Wednesday, October 16, 2013

Microreview [book]: A Dance of Cloaks by David Dalglish

David Dalglish. A Dance of Cloaks [Orbit, 2013]


The Meat

Since childhood, I have always loved stories incorporating thieves. There has always been a big part of me that has enjoyed watching protagonists succeed (or barely survive!) through a combination of wits and sheer luck instead of overwhelming physical or mystical power. While figures like Raistlin Majere in the original Dragonlance series would capture hearts and minds of readers everywhere, I always identified more with the enigmatic Kender, Tasslehoff Burrfoot. Likewise, the Fritz Lieber classic, Fahfrd and the Gray Mouser, to this date still owns a small village in my heart. And more recently, Scott Lynch's Gentlemen Bastards series has been rekindling my love for this type of fantasy fiction. So it was to my delight that I learned of David Dalglish's A Dance of Cloaks, a story which seemed to combine my love or thieves guilds with the grittier, darker background that pervades modern fantasy. Dalglish admits being heavily influenced by George R.R. Martin's A Song of Ice and Fire, and was inspired to create a world where no character is safe. At first glance, this looked to be just the type of book I needed to sink my teeth into.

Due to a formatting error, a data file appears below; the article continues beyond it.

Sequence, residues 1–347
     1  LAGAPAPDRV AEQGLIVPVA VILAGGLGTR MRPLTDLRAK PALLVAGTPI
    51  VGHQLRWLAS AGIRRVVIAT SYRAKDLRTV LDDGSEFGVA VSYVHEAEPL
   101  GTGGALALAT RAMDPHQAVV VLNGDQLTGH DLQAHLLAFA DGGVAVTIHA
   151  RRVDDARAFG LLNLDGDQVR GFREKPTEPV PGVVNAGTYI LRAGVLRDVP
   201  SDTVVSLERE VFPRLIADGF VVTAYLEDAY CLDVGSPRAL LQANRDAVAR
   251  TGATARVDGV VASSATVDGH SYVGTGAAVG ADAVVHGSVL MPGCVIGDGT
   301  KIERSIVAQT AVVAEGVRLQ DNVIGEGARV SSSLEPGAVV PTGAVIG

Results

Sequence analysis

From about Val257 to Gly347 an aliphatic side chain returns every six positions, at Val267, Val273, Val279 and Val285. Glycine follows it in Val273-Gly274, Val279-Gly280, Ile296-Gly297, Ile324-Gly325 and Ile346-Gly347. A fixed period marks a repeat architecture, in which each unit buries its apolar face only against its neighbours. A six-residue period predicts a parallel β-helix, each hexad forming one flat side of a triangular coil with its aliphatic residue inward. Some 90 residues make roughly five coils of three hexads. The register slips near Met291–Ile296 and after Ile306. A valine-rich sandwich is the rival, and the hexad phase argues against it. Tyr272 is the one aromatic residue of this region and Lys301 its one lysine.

A Dance of Cloaks weaves together three main stories. The first centers on Thren Felhorn, the greatest thief and assassin of his time. Thren wrestles control over the various thieves' guilds in the city of Veldaren, and is in the midst of a war against the Trifect, an alliance of wealthy and powerful nobles. The second story concerns Aaron Felhorn, the main protagonist of the story. As Thren's young son (he starts the story as a wee 8 year-old), Aaron is being groomed as heir to his father's thieving empire. In the process, Thren tries to destroy his son's emotions, isolate him, and mold him into the perfect killer--a dark, emotionless leader who inspires fear throughout the city. But through various chance meetings, Aaron glimpses a world beyond the iron control of his father. The other main story focuses on the Gemcrofts, a noble family that is part of the Trifect. It features the relationship between clan head Maynard Gemcroft and his willful young daughter, Alyssa, who makes choices that could have dire consequences for their family.